45 Chronology of Late Cenozoic Deposits of Nebraska

Chrono- WEST ~~~. t-_L_OC_A_L_F,-A_U_NA_S-----j FISSION- TRACK AGES (M.Y.BP) zones NEBR. NEBR. Nebr. Texos (Gloss) 0.---4-----+-----~--~------_+------_+------_i Terrace I i-f0 61' 004 Pearlette Ash (restricted) UJ deposits; Z lL.J r-- 0.1 m, - Loesses -0731 003 Hartford Ash Uo II f­ Glacial rI2m.,.- 1--121;.005 Coleridge Ash (f) and deposits

ill I II 96 t 020 Borchers Ash Terrace I-l

2 f--- 2.0m.,.- 122 Ash Lflderlylng the classic Konson-Aflonion IT .J Nebrasllon ~ near Afton, 10 (~NW NW '.../ dennslts ______Sec 33~~ R29W, Union~~) __ ~ 1--2.5",.,.-",=-1-- - r------~ ______-./28~03 Ash near top of fossiliferous porlton of the Blanco Fm at Its type locality. (North elr, SWV4 IBroadwater Mt. Blanco 3 o Sec I, Blk 3, Easlland County school land, Crasby -", () Ca, Texas) w c z "'""'u '" w ~.E ~ ~ U ~-~ ? o "''''~a:: 4 >- ~o E sg. -0 5 OtO 2 Ash overlying Hemphllhan founa In northeast Q) 2c:5 0> / 'in ~ Nebroslla. (C Sec 35, 133N, R5W, Knox Ca, Ne) <{ 5 -- Hiatus 8.~-I __ -- j------;1 ~~ Unnamed / <:; I Local -5.3104 Ash overlYing Hemphlilian founa at Coffee ~ 8' . Fauna ~ffee Ran.ct Ranch (SWNENE Sec 59,Blk.A-2, H.andG.N. RR Ca. Survey, Hem ph,ll Co , Te,as) -'" g VI (Hemphlllian~llIan) u ~ 6 :3 0 ! Knox Co, t -I c: ? __ ?_ j Nebr;Ska ? Ash In sed,menls preVIOUsly ConSidered o Pleistocene. (SWSESENE Sec 24, TI8N, RI4W, Vi Valley Ca, Ne ) o (NE SENE Sec. 10, TI7N., R.50W., M()f(lIlCa., Nt)

10 ?

-106106 Ash near bose of "basal caprock member·' of Ash Hollow Fm (SW Car Stc.22, U2N., R.30W., Cherry Co., Ne) II

Figure 6. Chronology of some late Cenozoic sediments and faunas from the Great Plains, United States. Chronology provided b) fission-track dating of volcanic ashes (glass).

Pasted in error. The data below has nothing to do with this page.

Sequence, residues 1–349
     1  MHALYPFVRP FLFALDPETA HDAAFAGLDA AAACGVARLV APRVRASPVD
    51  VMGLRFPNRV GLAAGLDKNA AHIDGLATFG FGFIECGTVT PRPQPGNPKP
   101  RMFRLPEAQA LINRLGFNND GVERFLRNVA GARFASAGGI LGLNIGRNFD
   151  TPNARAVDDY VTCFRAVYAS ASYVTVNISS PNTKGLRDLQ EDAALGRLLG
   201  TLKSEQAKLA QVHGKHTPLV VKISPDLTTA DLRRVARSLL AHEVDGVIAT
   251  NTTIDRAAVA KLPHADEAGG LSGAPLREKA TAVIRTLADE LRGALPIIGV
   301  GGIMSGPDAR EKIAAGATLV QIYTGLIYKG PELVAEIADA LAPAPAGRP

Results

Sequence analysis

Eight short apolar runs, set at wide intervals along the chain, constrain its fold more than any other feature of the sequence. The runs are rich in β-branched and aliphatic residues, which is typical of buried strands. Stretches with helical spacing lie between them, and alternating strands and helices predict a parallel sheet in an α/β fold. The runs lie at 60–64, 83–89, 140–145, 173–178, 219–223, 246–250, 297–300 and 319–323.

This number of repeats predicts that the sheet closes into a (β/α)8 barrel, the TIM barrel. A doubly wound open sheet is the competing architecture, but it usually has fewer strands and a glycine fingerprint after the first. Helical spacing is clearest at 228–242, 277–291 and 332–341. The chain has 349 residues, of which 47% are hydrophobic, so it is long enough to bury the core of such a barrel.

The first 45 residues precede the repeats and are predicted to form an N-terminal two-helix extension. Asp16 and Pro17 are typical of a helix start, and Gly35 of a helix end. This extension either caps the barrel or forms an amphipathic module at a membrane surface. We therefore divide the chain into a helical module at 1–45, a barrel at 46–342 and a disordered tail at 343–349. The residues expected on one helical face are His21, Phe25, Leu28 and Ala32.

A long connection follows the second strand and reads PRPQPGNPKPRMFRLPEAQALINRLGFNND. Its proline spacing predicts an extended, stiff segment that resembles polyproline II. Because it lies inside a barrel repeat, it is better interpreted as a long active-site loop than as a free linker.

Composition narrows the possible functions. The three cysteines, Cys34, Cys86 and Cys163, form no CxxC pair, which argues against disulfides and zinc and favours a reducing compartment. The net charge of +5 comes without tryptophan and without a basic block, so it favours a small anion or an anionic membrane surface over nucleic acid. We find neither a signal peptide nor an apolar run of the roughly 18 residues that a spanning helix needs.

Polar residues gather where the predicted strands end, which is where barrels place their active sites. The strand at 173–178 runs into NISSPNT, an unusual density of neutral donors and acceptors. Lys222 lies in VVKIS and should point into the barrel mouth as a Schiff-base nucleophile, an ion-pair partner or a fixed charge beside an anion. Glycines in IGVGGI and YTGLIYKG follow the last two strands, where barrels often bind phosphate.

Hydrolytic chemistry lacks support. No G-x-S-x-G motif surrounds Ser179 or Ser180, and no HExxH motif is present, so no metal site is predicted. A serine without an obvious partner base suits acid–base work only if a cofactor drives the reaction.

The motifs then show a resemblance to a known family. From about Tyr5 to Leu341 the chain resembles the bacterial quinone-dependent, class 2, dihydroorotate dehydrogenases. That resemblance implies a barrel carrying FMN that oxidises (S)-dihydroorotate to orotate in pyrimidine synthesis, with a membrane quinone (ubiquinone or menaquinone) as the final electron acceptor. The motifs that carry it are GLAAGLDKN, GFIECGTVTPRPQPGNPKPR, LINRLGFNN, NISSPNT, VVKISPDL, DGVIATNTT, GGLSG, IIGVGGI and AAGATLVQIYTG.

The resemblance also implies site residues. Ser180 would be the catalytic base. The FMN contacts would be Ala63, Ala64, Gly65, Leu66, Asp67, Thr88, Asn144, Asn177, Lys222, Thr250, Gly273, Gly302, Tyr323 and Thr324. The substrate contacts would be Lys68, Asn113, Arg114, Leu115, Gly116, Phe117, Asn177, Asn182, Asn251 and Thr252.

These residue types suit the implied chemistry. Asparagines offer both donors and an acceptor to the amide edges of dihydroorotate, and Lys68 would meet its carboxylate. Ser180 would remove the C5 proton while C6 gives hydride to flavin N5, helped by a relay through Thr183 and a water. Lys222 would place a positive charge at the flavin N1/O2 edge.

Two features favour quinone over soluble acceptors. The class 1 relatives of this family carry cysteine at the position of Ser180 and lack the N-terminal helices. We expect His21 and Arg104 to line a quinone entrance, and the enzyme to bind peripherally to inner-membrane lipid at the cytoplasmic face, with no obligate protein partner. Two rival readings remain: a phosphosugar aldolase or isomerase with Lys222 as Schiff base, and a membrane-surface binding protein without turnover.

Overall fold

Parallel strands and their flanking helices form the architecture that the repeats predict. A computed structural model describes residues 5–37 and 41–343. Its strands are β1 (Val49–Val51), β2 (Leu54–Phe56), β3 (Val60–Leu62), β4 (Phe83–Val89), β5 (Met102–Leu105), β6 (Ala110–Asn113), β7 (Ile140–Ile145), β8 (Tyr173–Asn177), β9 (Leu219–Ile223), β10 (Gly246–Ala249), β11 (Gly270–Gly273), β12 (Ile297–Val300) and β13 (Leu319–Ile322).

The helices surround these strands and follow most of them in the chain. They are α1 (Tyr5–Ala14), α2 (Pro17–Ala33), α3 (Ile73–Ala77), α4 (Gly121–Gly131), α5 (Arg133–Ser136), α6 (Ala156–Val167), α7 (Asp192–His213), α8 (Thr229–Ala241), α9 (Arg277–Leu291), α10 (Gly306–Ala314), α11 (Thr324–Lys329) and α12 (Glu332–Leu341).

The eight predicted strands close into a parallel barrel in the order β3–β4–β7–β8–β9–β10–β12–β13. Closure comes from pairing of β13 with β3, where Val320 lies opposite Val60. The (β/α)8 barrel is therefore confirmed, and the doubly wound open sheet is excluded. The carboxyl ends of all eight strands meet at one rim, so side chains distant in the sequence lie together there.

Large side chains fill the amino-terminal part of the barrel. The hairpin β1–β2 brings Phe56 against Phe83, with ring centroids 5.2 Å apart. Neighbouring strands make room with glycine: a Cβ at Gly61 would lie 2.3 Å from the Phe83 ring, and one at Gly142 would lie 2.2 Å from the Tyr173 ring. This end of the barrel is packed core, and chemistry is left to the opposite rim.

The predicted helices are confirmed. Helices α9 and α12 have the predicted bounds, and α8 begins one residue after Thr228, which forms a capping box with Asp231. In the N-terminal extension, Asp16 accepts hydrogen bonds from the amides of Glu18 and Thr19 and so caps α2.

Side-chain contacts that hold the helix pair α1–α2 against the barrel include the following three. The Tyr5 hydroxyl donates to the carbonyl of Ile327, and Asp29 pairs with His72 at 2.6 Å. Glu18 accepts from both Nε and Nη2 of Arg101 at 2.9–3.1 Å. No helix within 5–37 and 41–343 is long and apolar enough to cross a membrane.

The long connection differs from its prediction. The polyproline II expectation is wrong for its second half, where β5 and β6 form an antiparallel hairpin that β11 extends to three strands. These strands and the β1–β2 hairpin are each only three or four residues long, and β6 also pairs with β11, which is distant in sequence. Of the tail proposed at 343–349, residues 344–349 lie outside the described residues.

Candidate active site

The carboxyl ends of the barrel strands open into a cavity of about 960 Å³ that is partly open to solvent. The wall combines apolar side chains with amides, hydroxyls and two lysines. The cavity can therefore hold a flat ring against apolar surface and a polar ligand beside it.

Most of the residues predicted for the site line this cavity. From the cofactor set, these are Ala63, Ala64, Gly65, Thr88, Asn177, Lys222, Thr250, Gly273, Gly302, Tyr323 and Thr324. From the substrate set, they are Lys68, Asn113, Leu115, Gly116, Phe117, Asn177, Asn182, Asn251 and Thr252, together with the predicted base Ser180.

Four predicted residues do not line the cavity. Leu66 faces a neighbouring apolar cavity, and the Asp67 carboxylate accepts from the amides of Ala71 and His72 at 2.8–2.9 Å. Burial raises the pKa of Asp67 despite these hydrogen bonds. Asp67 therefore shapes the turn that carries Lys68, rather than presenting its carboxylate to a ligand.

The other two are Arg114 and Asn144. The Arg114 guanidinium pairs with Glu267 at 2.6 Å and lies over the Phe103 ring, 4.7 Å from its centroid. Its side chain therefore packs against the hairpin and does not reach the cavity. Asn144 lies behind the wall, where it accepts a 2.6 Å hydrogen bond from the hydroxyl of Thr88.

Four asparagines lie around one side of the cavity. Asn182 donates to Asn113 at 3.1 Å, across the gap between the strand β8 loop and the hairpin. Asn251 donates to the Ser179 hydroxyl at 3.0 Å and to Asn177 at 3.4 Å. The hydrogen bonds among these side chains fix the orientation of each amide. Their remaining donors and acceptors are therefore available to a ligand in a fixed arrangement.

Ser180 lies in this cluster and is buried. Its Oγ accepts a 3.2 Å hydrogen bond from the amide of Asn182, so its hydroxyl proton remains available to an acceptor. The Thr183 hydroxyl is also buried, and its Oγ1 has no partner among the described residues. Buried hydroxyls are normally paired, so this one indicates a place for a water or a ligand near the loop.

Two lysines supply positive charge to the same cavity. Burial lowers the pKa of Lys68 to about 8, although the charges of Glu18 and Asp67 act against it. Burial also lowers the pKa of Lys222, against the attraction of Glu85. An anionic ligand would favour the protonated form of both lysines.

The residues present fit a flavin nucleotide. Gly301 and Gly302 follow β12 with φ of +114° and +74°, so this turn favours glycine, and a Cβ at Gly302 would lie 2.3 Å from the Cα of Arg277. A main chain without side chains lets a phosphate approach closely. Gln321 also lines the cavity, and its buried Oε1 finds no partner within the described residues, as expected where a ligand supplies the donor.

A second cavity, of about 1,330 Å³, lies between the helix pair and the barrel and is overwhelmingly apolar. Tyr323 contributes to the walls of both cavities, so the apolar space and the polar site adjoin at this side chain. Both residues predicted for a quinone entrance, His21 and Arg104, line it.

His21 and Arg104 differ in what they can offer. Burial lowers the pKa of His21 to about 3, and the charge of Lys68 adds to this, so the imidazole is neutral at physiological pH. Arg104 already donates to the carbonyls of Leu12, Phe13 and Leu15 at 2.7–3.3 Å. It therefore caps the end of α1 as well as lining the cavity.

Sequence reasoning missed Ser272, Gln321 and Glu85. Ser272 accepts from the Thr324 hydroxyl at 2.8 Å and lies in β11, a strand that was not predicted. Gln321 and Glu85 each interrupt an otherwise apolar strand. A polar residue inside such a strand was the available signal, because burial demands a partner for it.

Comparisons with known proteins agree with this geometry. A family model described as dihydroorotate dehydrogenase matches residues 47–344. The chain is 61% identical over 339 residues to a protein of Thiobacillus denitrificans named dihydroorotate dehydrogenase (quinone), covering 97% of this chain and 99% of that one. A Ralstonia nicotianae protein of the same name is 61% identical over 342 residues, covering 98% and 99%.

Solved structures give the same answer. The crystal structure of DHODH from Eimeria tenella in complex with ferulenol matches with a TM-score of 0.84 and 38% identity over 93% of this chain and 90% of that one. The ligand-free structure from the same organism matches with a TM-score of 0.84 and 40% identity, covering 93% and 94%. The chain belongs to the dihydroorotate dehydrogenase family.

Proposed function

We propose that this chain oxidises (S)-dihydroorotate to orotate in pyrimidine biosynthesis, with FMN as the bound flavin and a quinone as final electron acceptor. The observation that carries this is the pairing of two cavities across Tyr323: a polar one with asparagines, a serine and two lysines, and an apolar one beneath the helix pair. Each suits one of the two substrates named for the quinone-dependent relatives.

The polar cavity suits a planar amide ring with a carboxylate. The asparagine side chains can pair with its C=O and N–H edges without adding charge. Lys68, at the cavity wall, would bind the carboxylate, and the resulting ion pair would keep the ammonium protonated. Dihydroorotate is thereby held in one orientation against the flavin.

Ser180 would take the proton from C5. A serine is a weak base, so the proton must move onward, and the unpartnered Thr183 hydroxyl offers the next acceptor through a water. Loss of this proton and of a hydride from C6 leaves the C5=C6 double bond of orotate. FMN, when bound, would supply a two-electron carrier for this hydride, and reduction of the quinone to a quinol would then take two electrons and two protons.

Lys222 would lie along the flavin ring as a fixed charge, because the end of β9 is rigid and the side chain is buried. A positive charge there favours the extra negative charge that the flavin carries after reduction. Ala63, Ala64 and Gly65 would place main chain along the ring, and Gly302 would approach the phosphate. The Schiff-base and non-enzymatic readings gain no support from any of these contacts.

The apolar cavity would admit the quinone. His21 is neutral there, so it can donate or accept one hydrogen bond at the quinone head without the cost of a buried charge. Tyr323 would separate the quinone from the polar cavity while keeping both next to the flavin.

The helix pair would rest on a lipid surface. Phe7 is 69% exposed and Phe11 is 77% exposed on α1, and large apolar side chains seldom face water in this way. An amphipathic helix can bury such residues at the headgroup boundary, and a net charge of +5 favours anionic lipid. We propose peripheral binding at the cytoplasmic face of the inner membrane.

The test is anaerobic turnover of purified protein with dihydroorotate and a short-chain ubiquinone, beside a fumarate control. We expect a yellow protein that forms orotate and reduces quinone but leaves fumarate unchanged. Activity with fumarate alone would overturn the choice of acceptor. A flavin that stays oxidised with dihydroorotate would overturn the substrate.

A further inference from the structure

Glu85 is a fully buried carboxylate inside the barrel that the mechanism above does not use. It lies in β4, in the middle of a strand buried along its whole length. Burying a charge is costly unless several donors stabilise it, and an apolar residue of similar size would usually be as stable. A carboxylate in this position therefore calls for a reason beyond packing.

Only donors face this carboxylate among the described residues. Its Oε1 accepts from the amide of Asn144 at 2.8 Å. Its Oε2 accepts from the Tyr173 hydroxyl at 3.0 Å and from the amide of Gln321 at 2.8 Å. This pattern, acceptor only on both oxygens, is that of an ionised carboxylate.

46 . the Kimball-Sidney sediments are of a distinctive Pliocene outcrop have not proven feasible. These units do not appear Jfl e (closely related to those found in the underlying Ash to be valid lithostratigraphic units because they are not litholo­ . ~:lloW Formation), and they differ ~arkedly ~rom the mam­ gically distinct and do not occupy consistent stratigraphic , al found in the later Broadwater-LIsco deposIts of the same relationships." All these sediments, perhaps with the excep­ m s " (Barbour and Schultz, 1937; Schultz and Stout, 1948). tion of local caliche deposits at or very near the topographic areaThe Broadwater F auna was conSI'd ere d ear 1y Pl'eistocene In. age. surface, are Miocene in age in terms of a Miocene/Pliocene A parently because Schultz and Stout (1948) considered the boundary at 5.0 m.y., as indicated by Berggren and Van ~allala Group sediments to span the entire Pliocene, they Couvering (1974). assigned a late Pliocene age to sediments and faunas ("Kimball Formation and Kimballian Fauna") at the top of the Ogallala As shown in Figure 6, ashes overlying "Kimballian" Group (the Kimballian was informally introduced as a North faunas are older than 7 m.y. and some are as old as 9.3 ± 0.8 American provincial age by Schultz and Stout, 1961). m.y. Ashes overlying the type Hemphillian fauna at Coffee Ranch, Hemphill County, Texas, and fauna identified as Schultz and Martin (1975) stated that "the Kimballian Hemphillian in Knox County, Nebraska (Voorhies, 1977) date fauna from Nebraska differs from the Hemphillian fauna in at 5.3 ± 0.4 and 5.0 ± 0.2 m.y., respectively. Apparently some that most of the known forms are markedly more advanced, "Kimballian" faunas must be Hemphillian or older. but definitely pre-Blancan (Early Pleistocene)." This statement and the fission-track dates on volcanic ashes overlying "Kim­ An ash near the top of the stratal span of the Mount ballian" fauna and Hemphillian fauna (Fig. 6) are in contra­ Blanco Fauna at its type locality is dated at 2.8 ± 0.3 m.y. diction. This date indicates the Mount Blanco Fauna and its equiva­ lents, such as the Broadwater and Rexroad faunas, may be of Schultz and Stout (1948) recognized the existence of a a similar Pliocene age. The time gap between the Broadwater significant lithologic and faunal break between the finer Fauna (equivalent to the Mount Blanco and early Pleistocene grained, carbonate-rich, latest Ogallala sediments ("Kimball in age, Schultz and Stout, 1948; Schultz and Martin, 1970, Fonnation") and the coarse-grained, crystalline gravel deposits 1975) and some "Kimballian" faunas may be about 4 m.y. of the earliest Pleistocene (Broadwater Formation). As a meas­ ure of the temporal gap between these two sets of sediments, The rapid and climatic changes postulated by they concluded that "the interval apparently is not quite as Schultz and Stout (1948) and considered "one of the events long as the time which elapsed between Early and Medial which marks the end of the Pliocene Epoch" (Schultz, Tanner, Pleistocene." and Martin, 1972) was based on the marked differences be­ tween the "Kimballian" faunas and the "early Pleistocene" The "Kimballian" has also been viewed as a period of Broadwater Fauna. Fission-track ages suggest that these climatic change and extinction because of the profound dif­ faunas are separated by 4 m.y. of time. Thus, the significance ference betwe'!n the "Kimballian" faunas ("latest Pliocene") of the marked differences between these faunas needs to be and the "early Pleistocene Broadwater fauna" (Schultz and re-evaluated. Stout, 1948; Schultz, Schultz, and Martin, 1970; Schultz, Tanner, and Martin, 1972). Schultz and Stout (1948) state, Recently, sediments representing the 4 million "The faunal break between the Kimball and Broadwater for­ hiatus between sediments assigned a latest Pliocene age and mations is the most important one paleontologically in the those assigned an early Pleistocene age in western Nebraska Upper Tertiary and Pleistocene of western Nebraska (and (Fig. 6) have been identified in central and northeastern Great Plains). It is the writers' opinion that this is the Pliocene­ Nebraska by means of fission-track dating. Faunas from these Pleistocene boundary." sediments should prove to be younger than those assigned to the "Kimballian" from western Nebraska. As shown in Figure 6, fission-track dates indicate that Ogallala Group sediments, previously considered latest Plio­ Interpretations of conditions leading up to continental cene in western Nebraska, are older than about 6.5 m.y. glaciation in Nebraska have been derived largely from studies and that a hiatus of approximately 3 to 4 million years dura­ of faunas and sediments from what was considered to be a tion exists between these sediments and those considered early relatively complete sequence from latest Pliocene time ("Kim­ Pleistocene in eastern Nebraska. These dates indicate that ball Formation and Kimballian faunas") to early Pleistocene sediments assigned to the "Kimball Formation" (Stout, 1971), time (Broadwater Formation and Broadwater Faunas). The the Ash Hollow Formation (type locality), and the Ogallala presence of a lengthy hiatus between these sediments and Formation (type locality-Elias, 1936) are contemporaneous. faunas was unrecognized. Therefore, these interpretations need to be re-evaluated. s . This conclusion is supported by lithologic studies. s ~nehart (I974) stated, "Attempts to correlate Ogallala In terms of 2.5 ± 0.1 m.y. date for the Plio-Pleistocene edunents with the Kimball and Sidney units as established on boundary, the Blanco, Broadwater, and equivalent faunas are